Gluten-free Q&A with Betsy Craig, MenuTrinfo founder

Restaurant operators from a single full-service to large QSR chains are living in a different world when it comes to developing and serving meals to guests. Five years ago they had to focus on great tasting food that attracted and retained customers. Today, with the FDA’s menu labeling laws looming, food allergies on the rise and recent FDA requirements about labeling of gluten-free products, the environment has changed. The environment requires a careful menu analysis, including reverse ingredient look up, with an eye toward top allergens. Recipe changes must be identified to allow more gluten-free or allergen-free options. Training, too, has changed and must include knowledgeable servers carefully trained in food handling procedures to ensure safe delivery of meals to diners with food allergies, intolerances, or sensitivities.

Betsy Craig, founder of MenuTrinfo, knows these added requirements can cause restaurants heartache, if not full-blown fear. But her offerings, menu analysis, allergy training and gluten-free certification help operators flip the fear. A few questions for Betsy.

Is gluten-free eating just a fad?

We’ve seen a 50 percent increase in the number of restaurants using MenuTrinfo for gluten-free certification. And it’s not just a fad. In late 2012, the Mayo Clinic released a study indicating that celiac disease is four times more common now than 60 years ago, and affects about one in 100 people. For large chains, that’s a potentially staggering number of customers — to either turn away if you’re not gluten free, or to attract if you offer a gluten-free certified environment.

What does gluten-free certification entail?

The process takes about two-four weeks from start to finish.

First, we analyze your menu to see which items would most likely qualify as being gluten-free, either as is or with slight menu modifications.

We then source all ingredients and speak with manufacturers about possible cross-contamination concerns. For example, is the product made in a factory with gluten? What is the process for controlling cross-contamination?

Our company has a very rich database of common products used in restaurants by major distributors, to make this process easier and more efficient.

We then go to the sub-particle level to ensure that there are no hidden sources of gluten, including searching all aliases. Aliases, or the alternate names for gluten, are many and plentiful for gluten. Chefs can tackle this job, but they need to become an expert in gluten and all of its names. We already are experts, so we take the work and fear away.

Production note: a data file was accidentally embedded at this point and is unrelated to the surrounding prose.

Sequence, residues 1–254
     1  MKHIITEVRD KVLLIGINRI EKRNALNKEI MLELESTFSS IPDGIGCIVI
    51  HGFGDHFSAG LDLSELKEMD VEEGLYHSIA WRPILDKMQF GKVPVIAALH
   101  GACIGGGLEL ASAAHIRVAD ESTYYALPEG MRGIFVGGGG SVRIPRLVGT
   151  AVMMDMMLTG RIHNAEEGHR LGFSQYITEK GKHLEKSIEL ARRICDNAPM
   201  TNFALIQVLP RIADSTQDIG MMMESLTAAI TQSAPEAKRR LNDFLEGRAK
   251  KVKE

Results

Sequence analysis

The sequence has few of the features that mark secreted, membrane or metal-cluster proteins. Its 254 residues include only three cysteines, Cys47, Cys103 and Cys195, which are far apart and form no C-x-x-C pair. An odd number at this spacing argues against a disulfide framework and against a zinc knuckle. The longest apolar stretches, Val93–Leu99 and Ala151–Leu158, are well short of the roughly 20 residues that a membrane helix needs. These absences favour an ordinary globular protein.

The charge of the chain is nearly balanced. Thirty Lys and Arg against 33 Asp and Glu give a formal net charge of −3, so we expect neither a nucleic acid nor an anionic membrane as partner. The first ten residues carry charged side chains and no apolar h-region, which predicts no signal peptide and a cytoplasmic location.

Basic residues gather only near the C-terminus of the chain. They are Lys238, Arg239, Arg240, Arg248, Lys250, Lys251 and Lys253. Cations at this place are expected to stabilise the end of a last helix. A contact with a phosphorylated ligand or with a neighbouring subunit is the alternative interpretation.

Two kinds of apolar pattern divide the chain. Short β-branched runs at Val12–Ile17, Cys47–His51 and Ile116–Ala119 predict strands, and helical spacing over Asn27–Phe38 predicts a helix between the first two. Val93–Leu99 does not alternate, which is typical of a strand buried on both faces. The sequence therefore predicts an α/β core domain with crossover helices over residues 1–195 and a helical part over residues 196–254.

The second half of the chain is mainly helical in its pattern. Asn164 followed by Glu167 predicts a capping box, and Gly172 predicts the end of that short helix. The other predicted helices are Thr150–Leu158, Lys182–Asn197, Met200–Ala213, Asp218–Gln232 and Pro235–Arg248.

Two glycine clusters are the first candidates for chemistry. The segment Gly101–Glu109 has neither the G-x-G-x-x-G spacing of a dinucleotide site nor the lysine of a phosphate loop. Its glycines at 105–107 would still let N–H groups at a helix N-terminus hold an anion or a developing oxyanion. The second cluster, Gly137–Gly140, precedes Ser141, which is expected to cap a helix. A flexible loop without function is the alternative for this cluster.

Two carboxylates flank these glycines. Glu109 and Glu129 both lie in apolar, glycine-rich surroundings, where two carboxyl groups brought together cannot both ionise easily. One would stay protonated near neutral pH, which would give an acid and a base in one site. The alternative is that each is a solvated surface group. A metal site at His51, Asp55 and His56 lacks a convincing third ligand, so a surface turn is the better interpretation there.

A good example is an independent restaurateur we recently assisted. A small Mexican eatery, they had a gluten-free menu that included rice. Rice is gluten free, but they were soaking it in a broth that contained barley, which contains gluten. It’s these types of issues that illustrate the necessity of a thorough process.

We then develop a Certified Gluten-Free Menu with MenuTrinfo’s seal of confidence. Operators that use our services can proudly post our Gluten-Free Certification seal of approval in their restaurants or on their gluten-free menus.

We also train the staff thoroughly so they understand the procedures to avoid cross contamination and the risks involved in cutting corners.

What are the benefits of gluten-free certification to operators?

The Mayo Clinic says it best. One in 100 people are celiac, which is the most serious of gluten intolerances. The NPD Group, in April, added to this number when it found that one in three adults want to avoid or cut down on gluten in their diets, a number that’s been on the rise since NPD started asking the question in 2009. Moreover, NPD found that 200 million restaurant visits in the past year included a gluten-free order.

Operators are realizing that giving these people a safe eating environment with a wide range of choices is a smart business decision. On the flip side — if you were alienating one in every three of your potential customers with a product or marketing campaign, I bet leadership would be scrambling to fix the problem. Gluten-free certified menus are an easy fix.

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